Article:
824 F.2d 372
John LELSZ, By and Through his parents and guardians, Mr. &
Mrs. LELSZ, et al., Plaintiffs-Appellees,
John J. KAVANAGH, M.D., et al., Defendants-Appellants.
United States Court of Appeals,
Aug. 14, 1987.
Toni Hunter, Asst. Atty. Gen., Jim Mattox, Atty. Gen., Martha H. Allan, Asst. Atty. Gen., Austin, Tex., for defendants-appellants.
David Ferleger, Barbara Hoffman, Philadelphia, Pa., For Lelsz.
Diane Shisk, Advocacy Inc., Austin, Tex., For Advocacy, Inc.
David C. Shaw, Hartford, Conn., Rona Statman, Austin, Tex., for Association of Retarded Citizens--Texas.
Appeal from the United States District Court for the District of Texas.
Before WRIGHT,* GEE and JOLLY, Circuit Judges.
GEE, Circuit Judge:
The State of Texas appeals an order issued by Judge Sanders in the Texas mental health care case.1 That order specified which plaintiff class members the defendant must pay for directly as agreed to in the Resolution and Settlement (R & S) entered into by the parties and approved by the district court in 1983. The dispute hinges on the definition of "defendants' facilities" found in paragraph 6b of the R & S. The district court ruled that "defendants' facilities" included
those facilities owned, operated, or substantially subsidized by Defendants, that is, the state schools and community programs operated by them, the state centers and state hospitals, the community centers and providers operated, controlled, or substantially funded by the community centers.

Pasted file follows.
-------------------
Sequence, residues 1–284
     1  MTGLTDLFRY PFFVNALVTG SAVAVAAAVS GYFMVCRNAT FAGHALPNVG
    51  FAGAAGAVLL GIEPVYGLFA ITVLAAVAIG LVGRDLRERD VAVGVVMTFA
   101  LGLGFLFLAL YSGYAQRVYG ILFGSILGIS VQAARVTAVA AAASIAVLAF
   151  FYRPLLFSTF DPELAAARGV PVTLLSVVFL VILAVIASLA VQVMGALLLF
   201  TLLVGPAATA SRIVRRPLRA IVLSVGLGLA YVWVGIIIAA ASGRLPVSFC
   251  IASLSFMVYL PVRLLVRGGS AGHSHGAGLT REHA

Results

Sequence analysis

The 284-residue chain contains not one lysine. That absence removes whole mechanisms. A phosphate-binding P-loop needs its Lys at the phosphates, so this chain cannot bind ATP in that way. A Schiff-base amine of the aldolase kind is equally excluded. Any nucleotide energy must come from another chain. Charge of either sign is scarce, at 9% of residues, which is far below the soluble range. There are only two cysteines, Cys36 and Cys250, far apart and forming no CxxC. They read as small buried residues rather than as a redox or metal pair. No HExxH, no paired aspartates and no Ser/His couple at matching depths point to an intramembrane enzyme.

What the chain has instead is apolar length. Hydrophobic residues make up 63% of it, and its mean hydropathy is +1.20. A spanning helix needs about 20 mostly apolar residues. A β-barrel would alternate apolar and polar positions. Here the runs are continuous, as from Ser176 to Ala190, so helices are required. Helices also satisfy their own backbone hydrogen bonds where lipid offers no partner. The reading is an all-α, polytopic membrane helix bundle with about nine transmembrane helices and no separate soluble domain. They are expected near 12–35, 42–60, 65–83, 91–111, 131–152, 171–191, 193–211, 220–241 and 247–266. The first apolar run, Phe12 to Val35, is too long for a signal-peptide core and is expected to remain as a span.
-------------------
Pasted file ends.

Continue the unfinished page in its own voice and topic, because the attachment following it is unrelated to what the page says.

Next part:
Mem.Op. at 4 (July 30, 1986). Because we conclude that the plain language of the R & S precludes such an expansive definition, we reverse the district court's order.
The appellees raise three meritless jurisdictional issues: lack of any substantial question, lack of any case or controversy, and that arguments raised by the appellants were not properly presented to the district court. In addition, a jurisdictional question arises because of an earlier opinion in this case that cited the eleventh amendment as a jurisdictional bar to the federal court's enforcing the consent decree on purely state law grounds. Lelsz v. Kavanagh, 807 F.2d 1243 (5th Cir.) rehearing en banc denied, 815 F.2d 1034 (5th Cir.1987). Although it may be unclear how much life remains in the consent decree after that opinion, some does; and it does not preclude us from enforcing other portions of the consent decree. See Lelsz v. Kavanagh, 815 F.2d at 1035 (5th Cir.1987) (denying rehearing en banc). The issue here lies at the heart of the consent decree and therefore necessarily involves whatever enforceable provisions resting on federal rights remain.
To interpret the consent decree here, we apply the general principles of contract interpretation, among which is the rule that "the scope of a consent decree must be discerned within its four corners." Eaton v. Courtaulds of North America, Inc., 578 F.2d 87, 91 (5th Cir.1978) (quoting United States v. Armour & Co., 402 U.S. 673, 682, 91 S.Ct. 1752, 1757, 29 L.Ed.2d 256 (1971)). Paragraph 6a of the R & S defines the members of the plaintiff class as all persons who have been residents of Austin, Denton, or Fort Worth State Schools ("the named schools") since November 27, 1974, or who will be resident in the future, and all persons who have been listed, or will be listed, on the statewide Registry for State School Placement since 1981.
Paragraph 6b then describes the class members to whom the R & S applies. The first sentence of 6b states that the R & S applies to 1) residents who currently or in the future reside in the named schools or any facility operated by the named schools, and 2) "those other members of the plaintiff class who come forward and request services."2 The second and third sentences delineate the duty of the state to pay: